A large part of the answer regarding the missing boards may lie with the production numbers. "It's not as if they made hundreds of these sets and locked them in a vault and then used them as required," says Orbanes. "No, they made each set custom. It wouldn't help to have an escape map for your grandfather for France, right? He was in Poland. It was very important, as Victor pointed out to me, that they would put the right set with the right map and the right currency to go each camp specifically. That's a very important point to make.
"There were not thousands of these things," he continues. "There may have been hundreds. And what has survived is some documents that Alston wrote that specifically gave Waddingtons instructions on what to make: six for a camp near the Swiss border, say, eight for a camp in Northern Germany, five for central France. It was small quantities at a time, and these games were also co-mingled with regular boards, regular games, regular Monopoly. Remember, when the first articles about this were published in the 1980s, these were by men who had no axe to grind. They were just free to tell their stories and they did it in such vivid detail."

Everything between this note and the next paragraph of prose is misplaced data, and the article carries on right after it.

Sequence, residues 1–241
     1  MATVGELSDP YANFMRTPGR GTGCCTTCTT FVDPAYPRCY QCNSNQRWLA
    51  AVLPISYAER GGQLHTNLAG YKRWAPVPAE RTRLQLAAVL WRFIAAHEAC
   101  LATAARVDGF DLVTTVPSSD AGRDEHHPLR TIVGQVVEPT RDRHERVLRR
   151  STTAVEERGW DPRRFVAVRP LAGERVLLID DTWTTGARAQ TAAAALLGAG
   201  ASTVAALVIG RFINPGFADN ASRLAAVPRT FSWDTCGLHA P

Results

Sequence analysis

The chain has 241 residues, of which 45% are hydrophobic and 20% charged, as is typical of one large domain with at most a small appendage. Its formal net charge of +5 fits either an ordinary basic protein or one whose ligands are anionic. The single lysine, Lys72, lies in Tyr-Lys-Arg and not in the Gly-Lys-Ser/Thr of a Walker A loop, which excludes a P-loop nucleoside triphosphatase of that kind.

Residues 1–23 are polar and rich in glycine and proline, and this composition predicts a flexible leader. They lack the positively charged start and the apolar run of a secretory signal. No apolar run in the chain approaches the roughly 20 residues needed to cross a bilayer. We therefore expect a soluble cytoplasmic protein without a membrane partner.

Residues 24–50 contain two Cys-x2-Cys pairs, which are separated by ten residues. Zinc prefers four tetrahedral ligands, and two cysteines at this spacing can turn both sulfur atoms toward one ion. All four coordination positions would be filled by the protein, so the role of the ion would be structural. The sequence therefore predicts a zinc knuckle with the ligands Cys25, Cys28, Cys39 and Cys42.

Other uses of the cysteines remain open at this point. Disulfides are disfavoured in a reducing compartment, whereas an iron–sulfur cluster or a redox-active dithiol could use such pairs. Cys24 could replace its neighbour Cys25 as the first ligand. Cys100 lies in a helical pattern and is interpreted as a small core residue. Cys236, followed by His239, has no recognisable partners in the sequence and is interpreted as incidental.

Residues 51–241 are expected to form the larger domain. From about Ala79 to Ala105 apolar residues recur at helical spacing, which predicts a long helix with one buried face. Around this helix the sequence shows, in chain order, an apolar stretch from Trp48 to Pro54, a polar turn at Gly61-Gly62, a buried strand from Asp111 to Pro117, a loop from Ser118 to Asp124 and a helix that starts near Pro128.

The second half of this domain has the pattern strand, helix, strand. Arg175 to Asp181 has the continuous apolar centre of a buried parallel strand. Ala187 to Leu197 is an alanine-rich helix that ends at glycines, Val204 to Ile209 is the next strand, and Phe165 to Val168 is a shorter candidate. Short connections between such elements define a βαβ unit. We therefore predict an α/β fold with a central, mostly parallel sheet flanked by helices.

"I can't say for sure that the Monopoly boards were sent out, but Waddington were clearly both printing silk maps and making boards for this purpose," agrees Hall. "The letters between Clayton Hutton and Waddington certainly imply that this was the intention. It is just possible that Waddington was commissioned to do this and then the boards were never used for some reason, but I've no reason to think that this was the case."